Jotters ponder calls for Reserve Bank action on the Australian dollar, while others assess Transurban's result.

Calls by former Reserve Bank board member Warwick McKibbin for the central bank to bring down the value of the Australian dollar have made a big impact on the debate about yesterday's rates decision. This morning, jotters wonder how, if and when the RBA might respond – one thinks it would have lowered rates if it was truly concerned about the currency, while another thinks subtle intervention has already begun. Meanwhile, scribes give Transurban's latest results a broad tick of approval, while Leighton hasn't won back the trust of the commentariat just yet. Elsewhere, there are guesses as to what's in today's NBN corporate plan.

But first, The Australian Financial Review's Alan Mitchell is fascinated by the Reserve Bank's comment that the Australian dollar remains high, despite a decline in Australia's terms of trade and a weaker global outlook.

"The statement implies that the RBA thinks the dollar is in danger of rising too high for the economy’s good. However, the fact that it didn’t take the opportunity to cut interest rates on Tuesday – the most obvious response to an overvalued currency – also suggests that it is not sure that the dollar has reached that point yet. …Of course, if the dollar keeps rising against the currencies of our major trading partners at the current rate of more than 2 per cent a month, that might quickly change."

Business Spectator's Stephen Bartholomeusz wonders how effective any unorthodox moves to bring down the value of the Australian dollar would be, given the nation's apparent emergence as a safe haven for investors.

"The problem with intervention is that the dollar may well be trading at or around its fair value, given the relativities between the economic fundamentals here and in other major developed economies."

Meanwhile, Fairfax's Peter Martin reckons the Reserve Bank's noise about the rising Australian dollar is intervention in itself – a conscious attempt to let the market know it thinks the currency is higher than can be justified by the usual metrics. He calls it an "open mouth" operation to hold back the Aussie.

On the rates decision, Fairfax's Michael Pasco seems pretty chuffed that the Reserve Bank has been able to pick a cash rate that now seems "just right". Similarly, his colleague Malcolm Maiden doesn't see an obvious rate-cut trigger looming.

Of course, as The Australian Financial Review's new recruit Christopher Joye points out, " the uncertainties associated with the guesses of economists more than a month or two ahead are so high that they are not normally worth the electricity expended on communicating them." Presumably that goes for business journalists, too.

In company news, Fairfax's Eric Johnston has an interesting take on US accusations that Standard Chartered "schemed" with Iran's government to hide transactions: they could play into the hands of the bank's Asian rival, ANZ Bank, which has been growing its presence in emerging markets.

"All this, including the prospect of strict US monitoring, is something that could represent a major turnoff for Standard Chartered's Asian-based clients. Bigger rival HSBC is also likely to be distracted for the medium term after its apology last week for 'shameful' systems breakdowns that failed to stop it laundering money for terrorists and drug barons. …HSBC will also spend $US400 million beefing up compliance around the world, something that could again put emerging market customers offside."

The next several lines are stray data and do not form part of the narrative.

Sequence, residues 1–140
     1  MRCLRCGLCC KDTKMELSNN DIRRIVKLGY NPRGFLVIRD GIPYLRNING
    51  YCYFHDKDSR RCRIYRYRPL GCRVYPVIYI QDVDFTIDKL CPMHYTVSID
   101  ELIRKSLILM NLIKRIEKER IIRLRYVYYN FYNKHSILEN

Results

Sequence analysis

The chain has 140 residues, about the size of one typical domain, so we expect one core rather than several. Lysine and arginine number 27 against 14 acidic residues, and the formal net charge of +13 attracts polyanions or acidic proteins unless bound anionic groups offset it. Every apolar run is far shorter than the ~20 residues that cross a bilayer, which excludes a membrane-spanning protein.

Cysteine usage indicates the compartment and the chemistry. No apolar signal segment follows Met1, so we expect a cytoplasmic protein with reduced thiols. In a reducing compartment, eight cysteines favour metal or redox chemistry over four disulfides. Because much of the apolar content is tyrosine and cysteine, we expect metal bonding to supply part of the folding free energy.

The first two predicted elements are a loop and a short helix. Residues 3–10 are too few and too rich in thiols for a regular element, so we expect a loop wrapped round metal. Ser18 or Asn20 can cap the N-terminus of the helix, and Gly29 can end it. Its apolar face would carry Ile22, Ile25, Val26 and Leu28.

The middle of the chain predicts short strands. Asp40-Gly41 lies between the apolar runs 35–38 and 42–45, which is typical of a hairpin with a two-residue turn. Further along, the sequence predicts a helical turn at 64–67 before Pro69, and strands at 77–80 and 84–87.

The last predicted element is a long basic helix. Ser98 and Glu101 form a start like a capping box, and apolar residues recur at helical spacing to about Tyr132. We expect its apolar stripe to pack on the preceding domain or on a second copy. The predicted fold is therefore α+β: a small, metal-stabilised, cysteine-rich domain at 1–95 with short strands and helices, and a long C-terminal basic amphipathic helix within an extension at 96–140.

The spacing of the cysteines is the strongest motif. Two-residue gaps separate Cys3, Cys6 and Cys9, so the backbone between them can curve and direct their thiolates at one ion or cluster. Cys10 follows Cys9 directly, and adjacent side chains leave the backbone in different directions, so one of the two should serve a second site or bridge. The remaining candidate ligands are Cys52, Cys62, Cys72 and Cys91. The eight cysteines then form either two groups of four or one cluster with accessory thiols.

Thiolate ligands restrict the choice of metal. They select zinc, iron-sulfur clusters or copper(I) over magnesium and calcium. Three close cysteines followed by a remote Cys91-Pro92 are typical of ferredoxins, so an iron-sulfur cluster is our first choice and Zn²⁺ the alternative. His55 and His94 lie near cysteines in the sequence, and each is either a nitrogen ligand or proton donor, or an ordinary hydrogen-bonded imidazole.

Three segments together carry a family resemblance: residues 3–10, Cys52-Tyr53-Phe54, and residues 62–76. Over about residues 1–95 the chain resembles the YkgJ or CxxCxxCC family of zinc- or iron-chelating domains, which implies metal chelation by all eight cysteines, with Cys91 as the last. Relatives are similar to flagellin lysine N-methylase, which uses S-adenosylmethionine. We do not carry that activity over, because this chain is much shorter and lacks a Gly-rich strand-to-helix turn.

Meanwhile, jotters are impressed with the first public performance by Transurban's new chief, Scott Carlton. The Australian's John Durie blame's the market's negative reaction to Carlton's first earnings report on a tiny increase in the company's payout – "it's the dividend, stupid" – while Malcolm Maiden argues Transurban is entering the "defensive sweetspot" for investors searching for a safe bet.

In other earnings news, The Australian's Damon Kitney thinks the biggest surprise out of Leighton was that there were no awful surprises. The Herald Sun's Terry McCrann thinks the company has embarked on an "all-new beginning", but Fairfax's Adele Ferguson says the company has "a long way to go" in repairing its reputation.
At The Australian, Criterion columnist Tim Boreham reckons Ansell looks like an even better investment after it bought European-focussed glove-maker, Comasec SAS. With new exposures to sectors including utilities, food-handling and polyurethane-dipped gloves, he says "Ansell offers protection in more ways than one."

Finally, The Australian Financial Review's Chanticleer columnist, Tony Boyd, guesses at what NBN Co chief Mike Quigley might reveal in today's corporate plan for the national broadband network. While cost blowouts are expected to weigh on the project, Boyd sees early signs the NBN will deliver higher revenue earlier than expected. If the plan comes out as advertised, The Australian's John Durie argues, Communications Minister Stephen Conroy will be justified in arguing the changes are not significant, given the scale of the project.

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